Last night my wife and I received a pleasant visit from our two little friends, Nathan and Aaron, from down the street. The young brothers, ages five and two, stopped by with their parents and first thing they wanted to do is play a little basketball with our adjustable Goalsetter basketball hoop that I lowered down to six feet in height.

I have two basketballs which I pulled out of the garage. I gave one to the older brother and then pulled out the second for the younger brother. Immediately upon seeing his younger brother receive the second basketball, the elder brother dropped the ball in his hand. “I don’t want this one,” he said as he lunged to grab the ball out of his younger brother’s hand. At the sound of the blood curdling scream which began warming up in his brother’s throat, the elder brother dropped the second basketball on the ground, picked up the first and ran out of the garage. Let the games begin.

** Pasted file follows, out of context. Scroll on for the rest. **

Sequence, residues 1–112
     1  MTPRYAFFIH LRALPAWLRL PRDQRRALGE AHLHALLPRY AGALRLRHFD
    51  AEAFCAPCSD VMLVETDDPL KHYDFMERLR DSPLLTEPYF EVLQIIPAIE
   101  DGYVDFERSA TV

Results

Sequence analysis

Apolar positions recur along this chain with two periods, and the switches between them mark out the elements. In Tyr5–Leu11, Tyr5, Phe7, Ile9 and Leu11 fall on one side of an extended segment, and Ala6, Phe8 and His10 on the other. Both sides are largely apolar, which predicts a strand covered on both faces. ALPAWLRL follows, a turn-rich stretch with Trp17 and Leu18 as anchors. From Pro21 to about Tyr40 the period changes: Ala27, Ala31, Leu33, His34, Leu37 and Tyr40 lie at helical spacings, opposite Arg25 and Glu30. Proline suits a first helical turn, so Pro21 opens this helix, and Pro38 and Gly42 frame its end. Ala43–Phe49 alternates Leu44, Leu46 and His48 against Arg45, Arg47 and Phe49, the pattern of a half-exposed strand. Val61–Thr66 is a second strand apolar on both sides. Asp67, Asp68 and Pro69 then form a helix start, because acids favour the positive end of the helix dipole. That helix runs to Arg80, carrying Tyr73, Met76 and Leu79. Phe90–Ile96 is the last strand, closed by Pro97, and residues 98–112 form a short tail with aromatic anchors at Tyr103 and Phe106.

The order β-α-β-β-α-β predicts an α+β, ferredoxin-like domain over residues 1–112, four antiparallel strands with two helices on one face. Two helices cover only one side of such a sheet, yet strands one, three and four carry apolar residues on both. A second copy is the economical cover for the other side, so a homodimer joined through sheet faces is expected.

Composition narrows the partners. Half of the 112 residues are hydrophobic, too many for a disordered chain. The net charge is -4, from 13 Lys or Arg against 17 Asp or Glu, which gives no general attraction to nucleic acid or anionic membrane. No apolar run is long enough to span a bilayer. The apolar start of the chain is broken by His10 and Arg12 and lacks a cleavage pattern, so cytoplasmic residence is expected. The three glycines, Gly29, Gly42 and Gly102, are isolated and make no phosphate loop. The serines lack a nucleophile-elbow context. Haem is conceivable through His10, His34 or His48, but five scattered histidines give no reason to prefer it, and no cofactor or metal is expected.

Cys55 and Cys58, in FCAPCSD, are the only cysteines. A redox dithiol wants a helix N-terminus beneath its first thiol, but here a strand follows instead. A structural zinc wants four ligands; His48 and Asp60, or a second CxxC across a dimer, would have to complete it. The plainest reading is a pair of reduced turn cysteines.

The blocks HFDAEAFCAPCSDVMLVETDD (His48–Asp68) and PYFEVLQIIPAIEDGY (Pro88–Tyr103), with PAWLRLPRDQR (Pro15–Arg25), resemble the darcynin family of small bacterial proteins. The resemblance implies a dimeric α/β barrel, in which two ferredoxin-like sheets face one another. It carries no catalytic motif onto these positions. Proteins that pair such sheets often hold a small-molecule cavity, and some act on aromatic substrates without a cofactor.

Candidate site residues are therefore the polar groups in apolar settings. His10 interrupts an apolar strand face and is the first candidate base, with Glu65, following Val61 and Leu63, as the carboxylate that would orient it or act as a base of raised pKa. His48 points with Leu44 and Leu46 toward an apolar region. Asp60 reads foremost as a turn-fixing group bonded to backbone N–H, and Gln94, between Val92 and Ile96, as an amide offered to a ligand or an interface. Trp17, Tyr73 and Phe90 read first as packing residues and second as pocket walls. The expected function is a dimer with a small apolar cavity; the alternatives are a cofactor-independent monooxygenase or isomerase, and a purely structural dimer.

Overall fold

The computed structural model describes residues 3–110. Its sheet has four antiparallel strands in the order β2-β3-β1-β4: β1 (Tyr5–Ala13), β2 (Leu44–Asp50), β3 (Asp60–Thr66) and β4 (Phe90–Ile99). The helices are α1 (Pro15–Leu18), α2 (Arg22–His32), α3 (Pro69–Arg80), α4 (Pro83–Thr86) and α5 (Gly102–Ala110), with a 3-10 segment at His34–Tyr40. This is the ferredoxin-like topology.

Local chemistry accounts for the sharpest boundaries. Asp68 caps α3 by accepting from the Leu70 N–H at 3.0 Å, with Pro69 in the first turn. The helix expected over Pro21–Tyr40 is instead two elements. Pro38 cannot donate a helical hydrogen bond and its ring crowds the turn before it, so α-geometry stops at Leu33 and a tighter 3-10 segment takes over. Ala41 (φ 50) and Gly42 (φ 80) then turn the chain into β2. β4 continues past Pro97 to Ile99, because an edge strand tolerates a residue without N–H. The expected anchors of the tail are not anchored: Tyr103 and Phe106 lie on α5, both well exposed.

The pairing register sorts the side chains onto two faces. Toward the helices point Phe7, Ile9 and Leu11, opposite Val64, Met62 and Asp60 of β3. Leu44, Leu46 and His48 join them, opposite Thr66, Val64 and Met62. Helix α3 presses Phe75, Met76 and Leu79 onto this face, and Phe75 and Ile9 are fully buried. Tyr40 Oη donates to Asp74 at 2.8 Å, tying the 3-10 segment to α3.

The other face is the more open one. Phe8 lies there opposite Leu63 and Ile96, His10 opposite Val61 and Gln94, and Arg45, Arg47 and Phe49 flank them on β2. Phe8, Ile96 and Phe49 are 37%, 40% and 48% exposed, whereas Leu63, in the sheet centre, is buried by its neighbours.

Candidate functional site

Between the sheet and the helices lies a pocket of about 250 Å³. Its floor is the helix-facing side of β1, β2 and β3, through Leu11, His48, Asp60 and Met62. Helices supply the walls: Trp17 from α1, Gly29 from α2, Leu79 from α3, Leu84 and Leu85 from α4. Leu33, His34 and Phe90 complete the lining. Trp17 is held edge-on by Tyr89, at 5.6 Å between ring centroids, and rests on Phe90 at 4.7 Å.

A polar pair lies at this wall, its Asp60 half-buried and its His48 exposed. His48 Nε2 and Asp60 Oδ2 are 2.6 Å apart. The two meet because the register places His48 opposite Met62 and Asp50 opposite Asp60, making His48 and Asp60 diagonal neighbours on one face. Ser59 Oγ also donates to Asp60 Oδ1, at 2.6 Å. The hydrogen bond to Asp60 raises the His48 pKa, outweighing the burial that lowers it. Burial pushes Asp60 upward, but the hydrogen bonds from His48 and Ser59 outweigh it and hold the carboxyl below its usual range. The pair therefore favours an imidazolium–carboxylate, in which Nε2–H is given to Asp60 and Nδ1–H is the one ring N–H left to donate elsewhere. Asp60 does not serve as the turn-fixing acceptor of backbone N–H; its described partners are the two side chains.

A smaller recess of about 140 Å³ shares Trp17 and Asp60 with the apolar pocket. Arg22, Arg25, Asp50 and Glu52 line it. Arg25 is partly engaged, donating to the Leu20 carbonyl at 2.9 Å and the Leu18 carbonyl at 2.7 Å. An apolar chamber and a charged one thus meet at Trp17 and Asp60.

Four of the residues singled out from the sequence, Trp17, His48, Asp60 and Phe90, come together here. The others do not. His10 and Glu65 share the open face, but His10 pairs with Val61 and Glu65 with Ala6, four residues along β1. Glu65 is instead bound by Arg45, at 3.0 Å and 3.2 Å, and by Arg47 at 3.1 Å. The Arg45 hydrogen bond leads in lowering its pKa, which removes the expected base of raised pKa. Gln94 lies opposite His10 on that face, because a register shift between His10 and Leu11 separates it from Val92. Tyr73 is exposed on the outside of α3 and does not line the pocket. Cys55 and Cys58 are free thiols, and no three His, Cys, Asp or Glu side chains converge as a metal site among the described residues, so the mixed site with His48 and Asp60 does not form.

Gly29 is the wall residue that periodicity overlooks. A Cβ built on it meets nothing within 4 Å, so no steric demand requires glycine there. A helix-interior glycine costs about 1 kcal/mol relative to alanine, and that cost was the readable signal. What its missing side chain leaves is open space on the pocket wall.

For the next half hour I watched with fascination as the two brothers jockeyed for position in every way imaginable. This is my ball; that one’s yours! Get out of my way; it’s my turn! I was standing here first. No, Tom, you just lifted him to dunk the ball; I get to do it now.

Dear God, bless their parents. A lot.

The truth is that the nature of conflict really hasn’t changed in the thousands of years which have passed since Moses handed down the laws to his people. Our culture and technology may look very different, but people are people. Human nature hasn’t changed. We still find ourselves embroiled in interpersonal conflicts, neighborly disputers, familial conflicts and international conflicts because of boundary disputes.